Google Church?

The November 12th, 2007 Newsweek contains an article titled, “Google Goes Globe-Trotting.” The tagline reads, “To train a new generation of leaders, the search giant sends young braniacs on a worldwide mission.”

The article was a quick read, but left me feeling quite convicted (once again) that it is time for change within the church.

Google sent 18 of their APM (Associate Product Managers) on a sixteen day trip to four different countries this past summer. The aim of the trip was to see firsthand the unwired ways of life experienced by billions around the world. Throughout the course of the article we are introduced to Brian Rakowski, the person hired to be responsible for Gmail at the age of 22; Jini Kim, a 26 year-old prepping to make a big presentation on Google Health, and Nick Baum, the 24 year-old responsible for Google Reader.

According to the article Google’s APM program, “seeks brilliant kids and slots them directly into important jobs – no experience necessary.” These young adults in their early to mid-twenties, are running major projects for a company that is defining the way the internet works. These young go-getters are managing teams of people twice their age and learning as they go.

Which leads me to the pressing question – where are the young adults in our churches?

Denominational leaders lament the lack of young adult clergy in the United Methodist Church as well as within other denominations. Pastors and other local church leaders lament the lack of young adult leadership within local congregations. But what is being doing about it?

It has been said that systems produce exactly the same results they are designed to produce. If this is the case, it would seem that systems within both our denominational structures and local churches will need to change to attract and connect with the talented young adults making a difference in our culture and world. I imagine these changes are happening in particular locations and on small scales, but fear there is much work to be done and that it will be an uphill struggle.

Think about the church you are involved with. Are there young adults? What role are they playing? Do you know of places where young adults are leading and playing vital roles within church leadership? What does this look like, how could it be done to a greater degree in other locations?



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5 responses to “Google Church?

  1. Andrew Conard

    Jeff – Thanks for drawing my attention to this article and drawing the parallel to the church. I think that the UMC has a great deal of potential and also a great challenge in placing young people in leadership. What if this were to happen in the church? Do you think it would work?

  2. Jeff

    Andrew, I don’t think that people our age could be thrown into key upper level leadership positions and given the freedom to develop within the current structures of the church. If this were to happen, my experience tells me there would be too strong a network of people standing around saying, “that’s not how the last person did this” and “we’ve never done things like this before.” For good or for bad, I think that completely new structures will be needed to create space for a new generation of leaders within local churches and larger denominational bodies. I am cautiously optimistic about this happening.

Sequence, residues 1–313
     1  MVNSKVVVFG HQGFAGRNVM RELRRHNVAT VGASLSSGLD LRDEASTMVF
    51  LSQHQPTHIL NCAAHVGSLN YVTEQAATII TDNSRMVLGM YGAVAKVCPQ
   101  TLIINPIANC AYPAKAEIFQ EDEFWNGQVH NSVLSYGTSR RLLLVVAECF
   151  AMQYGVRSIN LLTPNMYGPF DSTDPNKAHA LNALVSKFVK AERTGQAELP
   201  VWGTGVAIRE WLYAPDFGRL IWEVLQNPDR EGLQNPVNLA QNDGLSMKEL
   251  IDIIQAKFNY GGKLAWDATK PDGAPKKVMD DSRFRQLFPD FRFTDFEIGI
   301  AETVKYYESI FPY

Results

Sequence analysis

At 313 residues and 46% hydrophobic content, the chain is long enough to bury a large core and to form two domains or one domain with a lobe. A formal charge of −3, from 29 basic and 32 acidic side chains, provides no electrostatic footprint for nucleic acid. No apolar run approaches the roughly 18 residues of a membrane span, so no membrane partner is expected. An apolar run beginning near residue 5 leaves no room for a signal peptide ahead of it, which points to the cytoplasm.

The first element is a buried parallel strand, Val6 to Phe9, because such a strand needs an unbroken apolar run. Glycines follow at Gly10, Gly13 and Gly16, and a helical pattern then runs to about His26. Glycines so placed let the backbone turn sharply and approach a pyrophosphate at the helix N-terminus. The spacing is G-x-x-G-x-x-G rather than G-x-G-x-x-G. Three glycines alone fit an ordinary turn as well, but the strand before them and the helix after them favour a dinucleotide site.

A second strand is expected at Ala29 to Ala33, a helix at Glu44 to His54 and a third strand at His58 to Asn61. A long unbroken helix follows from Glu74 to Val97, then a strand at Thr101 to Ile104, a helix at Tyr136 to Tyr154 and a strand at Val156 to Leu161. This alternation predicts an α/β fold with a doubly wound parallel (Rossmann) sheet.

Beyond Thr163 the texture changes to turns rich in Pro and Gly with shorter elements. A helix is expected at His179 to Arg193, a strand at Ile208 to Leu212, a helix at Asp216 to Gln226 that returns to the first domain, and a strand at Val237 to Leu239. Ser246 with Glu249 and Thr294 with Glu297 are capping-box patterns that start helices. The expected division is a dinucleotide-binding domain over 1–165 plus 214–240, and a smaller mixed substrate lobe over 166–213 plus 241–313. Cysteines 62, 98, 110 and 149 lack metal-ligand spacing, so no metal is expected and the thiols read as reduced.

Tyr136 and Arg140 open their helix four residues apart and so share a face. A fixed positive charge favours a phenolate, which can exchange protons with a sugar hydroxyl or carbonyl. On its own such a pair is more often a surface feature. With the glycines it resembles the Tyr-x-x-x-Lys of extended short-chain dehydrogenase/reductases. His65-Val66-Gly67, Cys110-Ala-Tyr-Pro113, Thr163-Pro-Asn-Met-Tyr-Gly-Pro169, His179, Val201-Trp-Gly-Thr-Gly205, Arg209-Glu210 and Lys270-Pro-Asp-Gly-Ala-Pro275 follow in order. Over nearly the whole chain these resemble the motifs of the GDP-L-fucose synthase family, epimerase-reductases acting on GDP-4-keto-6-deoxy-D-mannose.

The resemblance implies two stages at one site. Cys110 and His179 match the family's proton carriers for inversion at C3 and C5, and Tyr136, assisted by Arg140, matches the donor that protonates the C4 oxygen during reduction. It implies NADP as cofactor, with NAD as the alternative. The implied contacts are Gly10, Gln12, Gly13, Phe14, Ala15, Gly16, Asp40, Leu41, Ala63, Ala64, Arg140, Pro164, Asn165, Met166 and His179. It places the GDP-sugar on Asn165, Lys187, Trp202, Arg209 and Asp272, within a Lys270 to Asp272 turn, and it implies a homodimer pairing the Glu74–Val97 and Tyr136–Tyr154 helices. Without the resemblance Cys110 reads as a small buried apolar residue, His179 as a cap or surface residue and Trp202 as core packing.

3. Andrew Conard

    Jeff – I think that your assessment may be right. I would be interested to hear more of your thoughts on what some completely new structures that may potentially be created. I think that this is needed and I would personally enjoy it, but I continue to think about what it really might look like.

  4. Jeff

    Shucks, I thought you might have some good ideas of what this could look like in concrete ways. My hunch is that there is no uniform structure that could be used, that different answers will arise from different contexts. Have you learned anything through the New Church Leadership Institutes that might help us see what these new structures might look like? What’s happening with Sunday night’s at 5:00 at COR?

  5. Andrew Conard

    Jeff – I think that one thing thought that has been perhaps facilitated by the New Church Leadership Institute is that as a denomination we have to be willing to try new churches or new ways of doing things without being afraid of failure. I think that at times there is an inordinate amount of pressure on new congregations to be successful in the framework of the denomination, which often means being self-supporting and paying 100% of apportionments. I am not sure that this is the best measure of effectiveness of new communities of faith. We cannot be stopped by the fear of failure.

    Sunday 5:00 PM – the only tangible change right now is that there is a different rotation of pastors that are helping to lead the service those of us who are in our 20’s at Resurrection are the only ones who are in that rotation. Also, we have worn jeans to lead worship in that service, which to this point had been completely off limits when leading worship. There is also work being done on a place for persons in their 20’s to connect after the service, but that will not begin formally until after the first of the year. Also, it will be a soft launch which is quite a bit different than things in the past. Those of us on the planning team for that have been thinking about it as an unprogram or anti-program, but instead a place where the body of Christ can be the body of Christ – making connections and building community.

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